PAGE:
Want to end rough sleeping? Build social rented homes

Wednesday, 16 January 2019 - 3:38pm

David Tovey, artist and activist with lived experience of homelessness writes about his work on Shelter’s Social Housing Commission.

On Tuesday 8 January, I was in Westminster attending the launch of Shelter’s Social Housing Commission report Building for the future: a vision for social housing. I was one of the 16 independent commissioners, who included parliamentarians Ed Miliband, Sayeeda Warsi and Doreen Lawrence, TV architect George Clark, Grenfell campaigner Ed Daffarn and social tenant Rob Gershon. The launch was attended by housing campaigners, Grenfell survivors, political advisers and housing CEOs.

Six years ago, my life was in a very different place. Having left the armed forces and survived cancer, I was sleeping in a car in London. Worn down by the hardships of destitution, my mental and physical health had deteriorated to the point I didn’t want to carry on. So I attempted to take my own life. I’m only alive today because of the deed of a stranger: Gavin, a park enforcement officer, who spotted me and called an ambulance. His actions not only saved my life, but it gave me a new life. I’m now an international multi-media artist and have exhibited in Tate Modern. I’ve founded the UK’s One Festival of Homeless Arts. I teach art to people experiencing homelessness. And my 'Man on Bench' performances have earned critical acclaim.

Inspired by Gavin, I want to change the lives of the thousands of people who, like me, have been worn down by homelessness. It was very important to me that people with lived experience of rough sleeping were represented on Shelter’s Commission.

The Housing Emergency

More and more people like me are experiencing the sharpest end of our housing crisis. An alarming 277,000 people are now homeless in England, most commonly because they’ve lost private rented accommodation. Employment provides neither protection from becoming homeless nor a route out. More than half (55%) of homeless households are in work. The next 20 years, will see hundreds of thousands more people being forced into homelessness by insecure tenancies and sky-high housing costs.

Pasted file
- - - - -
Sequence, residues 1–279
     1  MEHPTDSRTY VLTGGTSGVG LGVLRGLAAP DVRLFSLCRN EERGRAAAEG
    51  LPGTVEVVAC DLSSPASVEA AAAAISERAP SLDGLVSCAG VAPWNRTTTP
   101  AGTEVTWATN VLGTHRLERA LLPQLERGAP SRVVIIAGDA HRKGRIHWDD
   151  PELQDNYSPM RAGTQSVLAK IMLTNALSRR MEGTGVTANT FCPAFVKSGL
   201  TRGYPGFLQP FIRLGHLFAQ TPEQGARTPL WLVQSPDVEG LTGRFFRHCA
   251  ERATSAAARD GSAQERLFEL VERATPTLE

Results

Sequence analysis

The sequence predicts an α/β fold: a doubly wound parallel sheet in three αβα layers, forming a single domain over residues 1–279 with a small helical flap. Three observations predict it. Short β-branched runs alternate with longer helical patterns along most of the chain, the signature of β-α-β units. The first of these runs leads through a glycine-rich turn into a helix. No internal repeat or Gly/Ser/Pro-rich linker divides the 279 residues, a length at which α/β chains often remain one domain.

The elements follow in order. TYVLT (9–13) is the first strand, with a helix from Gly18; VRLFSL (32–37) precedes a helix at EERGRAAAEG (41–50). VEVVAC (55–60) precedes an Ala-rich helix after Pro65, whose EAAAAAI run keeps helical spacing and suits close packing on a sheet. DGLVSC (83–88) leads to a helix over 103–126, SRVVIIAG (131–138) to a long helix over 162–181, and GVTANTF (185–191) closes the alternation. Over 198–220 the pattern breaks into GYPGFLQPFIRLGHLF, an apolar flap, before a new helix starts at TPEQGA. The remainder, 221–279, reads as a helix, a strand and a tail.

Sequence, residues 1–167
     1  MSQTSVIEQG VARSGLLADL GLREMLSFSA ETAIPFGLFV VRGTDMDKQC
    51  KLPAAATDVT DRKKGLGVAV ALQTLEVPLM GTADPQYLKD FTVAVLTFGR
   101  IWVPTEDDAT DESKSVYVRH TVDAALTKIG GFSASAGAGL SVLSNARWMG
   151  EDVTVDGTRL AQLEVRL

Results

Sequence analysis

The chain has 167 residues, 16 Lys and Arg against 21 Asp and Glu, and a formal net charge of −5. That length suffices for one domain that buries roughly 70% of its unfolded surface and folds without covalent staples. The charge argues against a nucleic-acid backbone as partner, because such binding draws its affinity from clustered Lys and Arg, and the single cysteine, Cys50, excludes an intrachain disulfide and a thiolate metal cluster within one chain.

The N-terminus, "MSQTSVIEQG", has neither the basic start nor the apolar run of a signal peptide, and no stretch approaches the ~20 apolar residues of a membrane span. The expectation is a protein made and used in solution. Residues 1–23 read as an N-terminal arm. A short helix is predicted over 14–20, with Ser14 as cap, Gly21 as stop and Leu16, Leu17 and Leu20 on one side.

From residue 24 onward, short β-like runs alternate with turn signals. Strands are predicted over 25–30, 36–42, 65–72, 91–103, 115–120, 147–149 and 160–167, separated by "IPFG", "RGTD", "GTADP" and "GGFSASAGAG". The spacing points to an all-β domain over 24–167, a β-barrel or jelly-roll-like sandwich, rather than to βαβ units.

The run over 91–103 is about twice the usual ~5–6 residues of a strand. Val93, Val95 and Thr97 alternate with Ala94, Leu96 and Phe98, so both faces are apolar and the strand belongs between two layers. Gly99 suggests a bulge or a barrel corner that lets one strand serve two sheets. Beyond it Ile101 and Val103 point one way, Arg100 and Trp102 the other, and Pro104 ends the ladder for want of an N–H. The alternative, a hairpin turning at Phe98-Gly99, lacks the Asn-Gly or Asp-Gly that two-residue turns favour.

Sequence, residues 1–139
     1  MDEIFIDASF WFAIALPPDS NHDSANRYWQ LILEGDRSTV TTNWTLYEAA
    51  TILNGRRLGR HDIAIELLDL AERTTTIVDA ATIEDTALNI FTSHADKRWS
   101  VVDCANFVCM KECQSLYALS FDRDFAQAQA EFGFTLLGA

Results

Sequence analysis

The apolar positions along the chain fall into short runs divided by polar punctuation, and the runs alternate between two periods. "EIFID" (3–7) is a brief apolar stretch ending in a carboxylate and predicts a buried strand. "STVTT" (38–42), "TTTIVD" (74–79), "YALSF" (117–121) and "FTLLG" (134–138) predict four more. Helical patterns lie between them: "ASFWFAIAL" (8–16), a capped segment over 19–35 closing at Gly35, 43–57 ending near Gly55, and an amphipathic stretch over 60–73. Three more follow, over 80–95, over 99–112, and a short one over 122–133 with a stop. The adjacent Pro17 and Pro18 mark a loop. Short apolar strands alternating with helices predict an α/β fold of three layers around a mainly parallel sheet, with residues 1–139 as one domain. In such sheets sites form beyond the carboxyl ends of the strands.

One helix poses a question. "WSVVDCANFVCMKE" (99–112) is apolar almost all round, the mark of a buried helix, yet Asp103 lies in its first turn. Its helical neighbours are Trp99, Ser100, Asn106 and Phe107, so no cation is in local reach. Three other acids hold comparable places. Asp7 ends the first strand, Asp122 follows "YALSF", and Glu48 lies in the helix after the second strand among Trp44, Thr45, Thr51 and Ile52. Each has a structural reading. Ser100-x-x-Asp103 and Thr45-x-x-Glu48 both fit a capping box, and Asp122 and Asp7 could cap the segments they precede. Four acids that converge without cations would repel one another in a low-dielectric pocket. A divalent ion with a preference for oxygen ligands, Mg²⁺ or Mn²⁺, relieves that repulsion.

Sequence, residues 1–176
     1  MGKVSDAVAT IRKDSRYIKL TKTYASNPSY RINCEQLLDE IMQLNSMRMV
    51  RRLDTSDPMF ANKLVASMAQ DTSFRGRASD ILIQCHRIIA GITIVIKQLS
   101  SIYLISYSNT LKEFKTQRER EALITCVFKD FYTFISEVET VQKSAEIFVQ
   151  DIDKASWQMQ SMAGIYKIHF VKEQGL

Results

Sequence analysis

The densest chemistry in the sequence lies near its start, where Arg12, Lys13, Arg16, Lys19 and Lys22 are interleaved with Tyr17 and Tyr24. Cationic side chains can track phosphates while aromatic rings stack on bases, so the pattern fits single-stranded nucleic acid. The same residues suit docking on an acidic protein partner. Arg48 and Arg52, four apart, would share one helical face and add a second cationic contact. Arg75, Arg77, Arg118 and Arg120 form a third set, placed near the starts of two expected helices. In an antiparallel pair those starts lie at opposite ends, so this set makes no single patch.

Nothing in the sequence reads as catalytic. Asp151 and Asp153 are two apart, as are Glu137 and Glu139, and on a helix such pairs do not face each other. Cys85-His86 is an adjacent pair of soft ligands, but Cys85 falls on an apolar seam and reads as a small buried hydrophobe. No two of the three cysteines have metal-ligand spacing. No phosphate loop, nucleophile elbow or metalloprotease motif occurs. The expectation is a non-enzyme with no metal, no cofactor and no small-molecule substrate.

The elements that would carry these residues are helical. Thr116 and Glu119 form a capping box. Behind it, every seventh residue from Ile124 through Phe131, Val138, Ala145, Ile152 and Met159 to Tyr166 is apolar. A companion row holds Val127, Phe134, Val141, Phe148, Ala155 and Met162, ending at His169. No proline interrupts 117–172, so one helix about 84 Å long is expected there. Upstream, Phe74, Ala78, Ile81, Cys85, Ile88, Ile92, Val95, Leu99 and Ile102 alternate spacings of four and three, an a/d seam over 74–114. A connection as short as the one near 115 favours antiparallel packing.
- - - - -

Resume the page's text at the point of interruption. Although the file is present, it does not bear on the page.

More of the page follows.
It’s great that the Government is committed to halving rough sleeping by 2022 and ending it by 2027. In their Rough Sleeping Strategy, Minister James Brokenshire describes rough sleeping as a complex issue. But, in my view, it’s relatively simple.

Homeless people need homes. Building more social housing is the only way we can end our national housing emergency. But, there aren’t enough. There are currently 1.2m households currently on the waiting list, including over quarter of a million living in unsanitary or overcrowded conditions, and over 144,000 who are homeless. Last year only 177,166 households moved into social housing, of whom 30% had been homeless.

The public want change. After we launched our Commission, the response was overwhelming: over 31,000 people took part in our Big Conversation about social housing. Informed by their responses and commissioned research, we set out a vision for what social housing in England should be over the next 20 years.

Our vision

Our main argument is that for too long, we haven’t invested in social housing, and the social housing we do have is seen as nothing more than a safety net for when things go wrong. This isn’t the vision that Harold Macmillan or Nye Bevan set out. It doesn’t reflect the growing numbers of people who need social housing. We recommend we build 3.1 million new social homes over the next 20 years; an average of around 150,000 a year. This can’t happen overnight, but it is possible – in the mid-1960s, we delivered 150,000 social homes in a single year. This can be achieved again - if it is the major focus of government efforts.

As well as getting people off the streets and out of expensive, insecure temporary accommodation, our vision is that this new generation of social housing provides homes for those who have never been homeless but are struggling in the private rented sector, including young families and older people who will struggle to pay a market rent on a pension. But it’s not just about building more. Following the Grenfell Tower fire, we also call for reforms to the regulation of social housing and making sure that the voices of tenants are heard and acted on.

We hope last week’s launch will be the start of campaigning by Shelter and all those who want to end our appalling housing crisis. But we need your help.

Sign the Shelter petition calling on the government to provide these much-needed homes.